Yesterday upon the stair
I met a man who wasn’t there
He wasn’t there again today
Oh, how I wish he’d go away (from Antigonish, by William Hughes Mearns )
In this case it was children I met who weren’t there. As well as women and men. In fact a whole village. But officially they didn’t exist. “Never heard of them.” Or so I was told by the authorities. I got them to check just in case. “No such people,” I was told. I sought official confirmation. And got it. Definitely no such people in this country. And by now the man they wished would go away was me.
So naturally, I decided to have a look for myself. And there they were. The country is Romania. The people are Csango – Csángók in Hungarian or Ceangăi in Romanian. The village I stayed in was on the eastern slopes of the Carpathian Mountains, above Bacău (about 300km north of Bucharest) and the region of Romanian Moldavia.
The Csangos are ethnically Hungarian, though they live outside even the further flung pre-Trianon Treaty historical Hungarian borders. So not just separated from the current state of Hungary, but with a mountain range between them and Transylvania too. Their language is an older version of mainstream Hungarian, cut off from the rest of the diaspora.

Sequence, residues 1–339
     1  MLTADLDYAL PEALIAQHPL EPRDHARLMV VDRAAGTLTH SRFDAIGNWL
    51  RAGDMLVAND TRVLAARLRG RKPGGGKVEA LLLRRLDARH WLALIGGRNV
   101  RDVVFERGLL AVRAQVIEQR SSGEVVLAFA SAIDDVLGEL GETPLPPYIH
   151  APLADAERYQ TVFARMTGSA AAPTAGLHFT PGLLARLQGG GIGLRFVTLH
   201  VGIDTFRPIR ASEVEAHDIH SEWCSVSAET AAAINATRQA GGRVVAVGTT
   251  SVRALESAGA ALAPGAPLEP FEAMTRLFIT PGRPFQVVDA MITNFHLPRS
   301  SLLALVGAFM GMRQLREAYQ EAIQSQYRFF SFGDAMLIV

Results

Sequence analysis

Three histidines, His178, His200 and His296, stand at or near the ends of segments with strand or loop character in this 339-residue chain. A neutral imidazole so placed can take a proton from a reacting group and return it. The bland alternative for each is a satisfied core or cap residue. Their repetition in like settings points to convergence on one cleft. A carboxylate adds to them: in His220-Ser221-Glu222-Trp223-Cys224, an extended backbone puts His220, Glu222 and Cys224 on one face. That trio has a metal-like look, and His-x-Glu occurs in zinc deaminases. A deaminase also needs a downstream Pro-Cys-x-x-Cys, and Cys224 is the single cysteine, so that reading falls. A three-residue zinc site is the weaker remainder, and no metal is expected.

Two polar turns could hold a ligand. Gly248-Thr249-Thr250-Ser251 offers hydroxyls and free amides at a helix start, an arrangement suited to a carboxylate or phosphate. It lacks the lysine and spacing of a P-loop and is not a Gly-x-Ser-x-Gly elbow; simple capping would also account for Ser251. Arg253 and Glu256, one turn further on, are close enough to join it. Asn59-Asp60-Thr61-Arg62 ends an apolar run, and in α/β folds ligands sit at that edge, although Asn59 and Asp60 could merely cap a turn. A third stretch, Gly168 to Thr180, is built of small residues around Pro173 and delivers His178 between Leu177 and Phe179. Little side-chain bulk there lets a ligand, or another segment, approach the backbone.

I learned that the Csango villages tended to be poor in infrastructure and education. A bridge had recently been washed away when I was there. The suspicion was that they suffered official neglect because they were deemed insufficiently Romanian.
They looked different too. Much more likely to be fair haired than the majority Romanian population. (There are more of my pictures of them on flickr.)
They were also very hospitable and distilled smooth wicked schnapps. Just one of the by products of the lush well-tended agricultural land. It was characteristic to see brightly patterned scarves wrapped round the heads of sunflowers to protect from birds.
Like many rural areas in Romania after the revolution, what they lacked in paved roads compared to the cities, they more than made up in fresh food, a sunnier demeanour and an absence of paranoia.
It was a fair few years ago that I visited the Csango, as part of a freelance aid mission. Someone pointed me to a National Geographic article on the Csango published since. Which meant I wasn’t imagining it all. And now they’ve made it to Wikipedia, which details forced assimilation and attempts to eradicate their language. It also gives a translation for a Csango anthem, which includes the lines:
Bird fallen down from the tree
I wonder how things are there with the Csango now? Do they still exist as a distinct group? Or have they been dispersed by poverty or standardised by modernity? Have they finally become invisible?
And is the schnapps still so smooth?